Reaching Potential Relief for the High Cost of Rent

August 30, 2018 | Steve Hable

Previously, I’ve written blogs about the current housing cost crisis, how we got to this point and ideas being discussed to alleviate the problem throughout San Diego County, which is still one of the most beautiful places to live in the US. With the increased possibility of rent control in some areas of San Diego, we explored the positives and negatives by looking at other cities that established rent controls. We found that economists almost unanimously concluded rent control was not the proper avenue to relieve the high cost of housing over the long term. Recently, San Diego has started researching other ideas to relieve the high cost of rent.

One idea already in existence is the micro or mini apartment. Smaller units should result in lower rent for residents. These buildings have studio apartments ranging from 188 square feet to about 350 square feet. Clearly, these small units are designed for individuals or couples and not families. To gain an idea of the size, the specified minimum parking space in San Diego is 162 square feet (9 feet by 18 feet). Therefore, living units in a micro apartment building would range from the size of 1½ parking spaces to just over 2 parking spaces. These types of apartments contain a toilet, standup shower and small cooking area. The living room is also the bedroom, so you will need a sofa that converts to a bed.

After some online exploration, I found a project in Downtown San Diego offering this type of unit. The units range from 202 square feet to 386 square feet. According to their website, rents range from $1,844 to $2,294. One of the limitations on building more of these units is that the City of San Diego requires 1 parking spot for every unit built unless the entire project has been designated for low income housing. The maximum household income for this designation in the City of San Diego is $54,500. At the rents listed above, residents would still spend over 40% of their gross income for rent for a micro unit without an onsite parking space for their vehicle. And of course, this solution won’t work for everyone.

A recent proposal is for the federal government to give renters a tax deduction or tax credit if they spend more than 30% of their incomes on housing expenses, including utilities. For renters, this proposal would act very similarly to rent control by limiting the actual out-of-pocket expense for housing. Renters essentially would receive a tax refund for any amount over 30% of their income that they spent for housing. They would still pay market rent for their apartment, but would receive a tax refund the following year. Finding political support and available funds in the government budget have not yet been resolved.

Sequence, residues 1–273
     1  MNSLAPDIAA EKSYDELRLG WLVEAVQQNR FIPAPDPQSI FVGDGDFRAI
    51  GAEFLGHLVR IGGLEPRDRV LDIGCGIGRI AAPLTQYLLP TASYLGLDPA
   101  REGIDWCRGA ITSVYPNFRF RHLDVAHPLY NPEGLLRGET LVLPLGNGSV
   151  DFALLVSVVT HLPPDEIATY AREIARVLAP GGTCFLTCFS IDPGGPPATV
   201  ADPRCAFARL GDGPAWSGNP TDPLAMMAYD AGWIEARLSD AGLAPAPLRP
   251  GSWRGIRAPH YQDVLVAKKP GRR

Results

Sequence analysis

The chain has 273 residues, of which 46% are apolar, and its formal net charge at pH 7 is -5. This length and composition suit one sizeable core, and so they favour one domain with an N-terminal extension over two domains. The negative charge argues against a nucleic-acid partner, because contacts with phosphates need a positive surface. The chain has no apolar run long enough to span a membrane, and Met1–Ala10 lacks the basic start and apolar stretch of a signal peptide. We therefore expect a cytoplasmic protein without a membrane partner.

Regardless of the proposal to help provide some relief for the high cost of rent in San Diego, one thing stands out—living in San Diego requires careful monitoring and controlling your expenses. You need a financial institution that will work with you to help you save money, meet your goals, facilitate a great retirement account, and achieve financial independence. You need Mission Fed. You can learn more about Mission Fed on our website. Plus, you can apply for a Checking Account or loan online, visit us at any of our 33 local branches or call our Contact Center to speak with a local representative. San Diego County is our home, too, and we’re here to assist you.

The content provided in this blog consists of the opinions and ideas of the author alone and should be used for informational purposes only. Mission Federal Credit Union disclaims any liability for decisions you make based on the information provided. References to any specific commercial products, processes, or services, or the use of any trade, firm, or corporation name in this article by Mission Federal Credit Union is for the information and convenience of its readers and does not constitute endorsement, control or warranty by Mission Federal Credit Union.

Steve Hable

Steve Hable

Steve Hable is Mission Fed’s 1st VP Member Business Lending and has been in the real estate finance industry for over 30 years. His experience includes all facets of residential and commercial real estate finance, including loan origination, loan underwriting, servicing, secondary marketing (plus establishing private mortgage-backed securities on Wall Street), and property management of commercial properties.

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